Release 03-30      

December 5, 2003


Jerry Martin
Gennet Paauwe
(916) 322-2990
California Air Monitoring Network Assessment:
Current Network Adequate, Neighborhood Monitoring Recommended

-- The state’s air monitoring network adequately reflects health impacts on children and infants, reports the California Air Resources Board (ARB). A review of the network was done as part of Children’s Environmental Health Protection Act (Senate Bill 25, Escutia, 1999).

”We are pleased that the assessment shows the network adequate to detect health threats to children, and the suggested improvements will make it better. Still, more needs to be done to assess air pollution impacts on children in local communities,” said ARB Chairman, Dr. Alan Lloyd.

California’s air monitoring network provides the fundamental data needed to accurately determine the health risk to children and infants from outdoor air. The ARB suggests that the current monitoring network be supplemented with additional methods to assess community exposures at a localized level.

The ARB was required, as part of the Children’s Environmental Health Protection Act, to evaluate California’s air monitoring network, review the state’s air quality standards, and to identify further air toxic control measures to protect children’s health.

As part of the assessment, six community schools were selected based on likely impacts from various local air pollution sources and to reflect the diversity found in California’s communities. Air samples taken in these communities were used to determine if current monitoring sites capture children’s exposure to air pollution. The communities studied were Barrio Logan (San Diego), Crockett (Contra Costa County), Fruitvale (Oakland), Fresno (Central Valley) and Wilmington and Boyle Heights (both in greater Los Angeles). Results from the special monitoring done at the six school sites showed that pollution levels on campus did not significantly deviate from levels seen at the existing routine monitoring sites.

Suggested methods for improving local air monitoring include:

The state’s monitoring network, one of the most extensive in the world, consists of over 250 sites where air pollution samples are taken and pollutant levels are recorded. The monitoring network is key in assessing the state’s clean air progress and in determining pollutant exposures. Though California has made great strides in air pollution control, more than 90 percent of Californians still sometimes breathe unhealthy air.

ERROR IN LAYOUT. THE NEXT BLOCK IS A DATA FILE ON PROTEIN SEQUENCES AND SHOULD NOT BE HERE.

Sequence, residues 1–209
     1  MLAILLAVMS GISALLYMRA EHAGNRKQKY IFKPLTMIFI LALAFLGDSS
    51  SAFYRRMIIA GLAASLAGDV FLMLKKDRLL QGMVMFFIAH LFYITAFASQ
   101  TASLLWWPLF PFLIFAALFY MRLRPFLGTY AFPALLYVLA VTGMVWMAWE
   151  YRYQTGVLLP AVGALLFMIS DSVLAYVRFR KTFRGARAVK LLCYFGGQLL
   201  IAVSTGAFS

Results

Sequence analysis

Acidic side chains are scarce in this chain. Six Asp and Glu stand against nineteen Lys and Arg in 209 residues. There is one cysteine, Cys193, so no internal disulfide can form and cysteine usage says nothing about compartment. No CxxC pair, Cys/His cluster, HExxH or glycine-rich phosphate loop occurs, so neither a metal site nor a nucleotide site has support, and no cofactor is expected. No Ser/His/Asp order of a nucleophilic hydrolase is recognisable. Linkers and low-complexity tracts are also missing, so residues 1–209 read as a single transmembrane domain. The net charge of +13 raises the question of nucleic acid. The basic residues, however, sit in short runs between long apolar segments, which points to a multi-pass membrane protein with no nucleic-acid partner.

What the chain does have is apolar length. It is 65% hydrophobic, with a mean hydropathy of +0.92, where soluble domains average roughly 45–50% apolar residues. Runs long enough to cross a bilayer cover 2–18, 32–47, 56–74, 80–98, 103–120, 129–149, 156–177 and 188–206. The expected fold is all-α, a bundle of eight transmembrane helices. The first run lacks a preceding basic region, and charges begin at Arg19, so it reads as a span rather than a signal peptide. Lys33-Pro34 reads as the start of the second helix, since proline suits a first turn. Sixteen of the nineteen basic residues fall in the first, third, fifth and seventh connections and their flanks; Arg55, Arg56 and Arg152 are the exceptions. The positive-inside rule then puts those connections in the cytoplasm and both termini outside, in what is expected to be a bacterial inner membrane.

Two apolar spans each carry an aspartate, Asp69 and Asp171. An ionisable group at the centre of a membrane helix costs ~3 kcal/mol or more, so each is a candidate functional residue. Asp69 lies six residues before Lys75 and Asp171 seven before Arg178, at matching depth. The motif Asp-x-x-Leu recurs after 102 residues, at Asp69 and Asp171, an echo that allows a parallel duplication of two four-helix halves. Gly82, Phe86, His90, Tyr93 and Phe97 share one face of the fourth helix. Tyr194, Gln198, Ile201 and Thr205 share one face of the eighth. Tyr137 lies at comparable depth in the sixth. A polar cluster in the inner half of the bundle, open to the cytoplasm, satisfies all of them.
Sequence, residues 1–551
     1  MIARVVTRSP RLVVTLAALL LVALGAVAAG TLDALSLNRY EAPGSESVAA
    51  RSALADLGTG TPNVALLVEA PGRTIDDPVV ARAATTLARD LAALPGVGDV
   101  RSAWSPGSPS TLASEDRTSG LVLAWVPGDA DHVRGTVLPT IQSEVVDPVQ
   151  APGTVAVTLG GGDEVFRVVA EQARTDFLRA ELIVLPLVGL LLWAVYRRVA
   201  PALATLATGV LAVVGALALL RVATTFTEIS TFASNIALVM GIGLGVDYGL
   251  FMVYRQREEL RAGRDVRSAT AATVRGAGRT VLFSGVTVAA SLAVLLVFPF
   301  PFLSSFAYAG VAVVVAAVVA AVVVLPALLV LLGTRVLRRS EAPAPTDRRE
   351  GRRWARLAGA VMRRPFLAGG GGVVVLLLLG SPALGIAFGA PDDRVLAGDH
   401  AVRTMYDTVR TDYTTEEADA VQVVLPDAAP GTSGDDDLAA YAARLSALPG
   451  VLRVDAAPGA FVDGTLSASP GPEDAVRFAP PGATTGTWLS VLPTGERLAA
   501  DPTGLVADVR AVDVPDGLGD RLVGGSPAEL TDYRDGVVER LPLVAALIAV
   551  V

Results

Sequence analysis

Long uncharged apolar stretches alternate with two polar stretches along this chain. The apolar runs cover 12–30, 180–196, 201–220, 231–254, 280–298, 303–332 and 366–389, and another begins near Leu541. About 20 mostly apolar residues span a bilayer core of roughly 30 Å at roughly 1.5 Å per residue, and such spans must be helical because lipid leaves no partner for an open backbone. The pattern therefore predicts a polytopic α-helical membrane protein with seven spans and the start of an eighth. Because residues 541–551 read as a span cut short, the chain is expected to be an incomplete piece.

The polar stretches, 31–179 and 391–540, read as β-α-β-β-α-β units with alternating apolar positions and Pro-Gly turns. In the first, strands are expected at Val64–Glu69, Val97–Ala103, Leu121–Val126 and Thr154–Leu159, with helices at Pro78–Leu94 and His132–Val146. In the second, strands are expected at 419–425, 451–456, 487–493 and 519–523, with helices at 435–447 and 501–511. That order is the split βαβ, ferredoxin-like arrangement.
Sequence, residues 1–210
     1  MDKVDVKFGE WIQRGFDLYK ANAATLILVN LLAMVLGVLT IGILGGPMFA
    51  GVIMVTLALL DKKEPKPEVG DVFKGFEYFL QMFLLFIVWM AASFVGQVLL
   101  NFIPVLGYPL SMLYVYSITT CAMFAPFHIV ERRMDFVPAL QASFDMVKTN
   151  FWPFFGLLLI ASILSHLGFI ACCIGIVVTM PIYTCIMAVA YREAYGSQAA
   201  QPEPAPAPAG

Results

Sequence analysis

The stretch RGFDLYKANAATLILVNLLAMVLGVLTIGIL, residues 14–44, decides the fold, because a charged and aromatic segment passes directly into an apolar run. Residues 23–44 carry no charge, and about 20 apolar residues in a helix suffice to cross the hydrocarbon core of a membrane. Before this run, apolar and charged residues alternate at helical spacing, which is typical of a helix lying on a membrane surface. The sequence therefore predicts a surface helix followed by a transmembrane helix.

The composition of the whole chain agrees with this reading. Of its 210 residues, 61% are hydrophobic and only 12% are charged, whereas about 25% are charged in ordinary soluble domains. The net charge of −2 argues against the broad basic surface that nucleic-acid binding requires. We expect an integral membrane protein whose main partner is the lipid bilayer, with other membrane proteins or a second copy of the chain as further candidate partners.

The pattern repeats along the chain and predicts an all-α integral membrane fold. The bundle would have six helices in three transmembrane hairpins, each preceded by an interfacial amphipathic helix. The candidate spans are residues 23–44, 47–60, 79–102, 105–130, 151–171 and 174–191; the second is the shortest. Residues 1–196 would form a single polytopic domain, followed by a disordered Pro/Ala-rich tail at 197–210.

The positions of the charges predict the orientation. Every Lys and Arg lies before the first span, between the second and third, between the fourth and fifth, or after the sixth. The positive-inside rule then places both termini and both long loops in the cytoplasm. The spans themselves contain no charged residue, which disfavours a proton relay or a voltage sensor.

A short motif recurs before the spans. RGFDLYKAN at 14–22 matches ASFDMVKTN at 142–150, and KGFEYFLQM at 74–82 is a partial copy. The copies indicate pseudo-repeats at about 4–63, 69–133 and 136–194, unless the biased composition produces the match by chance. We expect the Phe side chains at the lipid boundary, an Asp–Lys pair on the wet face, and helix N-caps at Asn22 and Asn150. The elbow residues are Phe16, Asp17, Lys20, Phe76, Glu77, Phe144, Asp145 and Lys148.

In 2000, the ARB, with guidance from the Office of Environmental Health Hazard Assessment, determined that state air quality standards for particulate matter, ozone and nitrogen dioxide were inadequate. Since that time the Board has revised the particulate matter standard and staff is working on presenting the Board with changes to the ozone and nitrogenoxide standards. The ARB is also in the process of identifying further measures to protect infants and children from toxic air contaminants.

Infants and children are especially vulnerable to air pollutants. Increased respiratory ailments, such as asthma, cough and temporarily reduced lung function, can be the result of short-term pollutant exposures. Health effects from long-term exposures may include more serious illnesses, including increased risk for bronchitis and pneumonia. Recent studies link air pollution exposures to increased infant mortality, low birth weight, premature birth and birth defects.

For a copy of the report and further information on the Children’s Environmental Health Protection Act, click here. General information about the ARB’s Community Health Program can be found here.

The Air Resources Board is a department of the California Environmental Protection Agency. ARB's mission is to promote and protect public health, welfare, and ecological resources through effective reduction of air pollutants while recognizing and considering effects on the economy. The ARB oversees all air pollution control efforts in California to attain and maintain health based air quality standards.

The energy challenge facing California is real. Every Californian needs to take immediate action to reduce energy consumption. For a list of simple ways you can reduce demand and cut your energy cost, see our website at 

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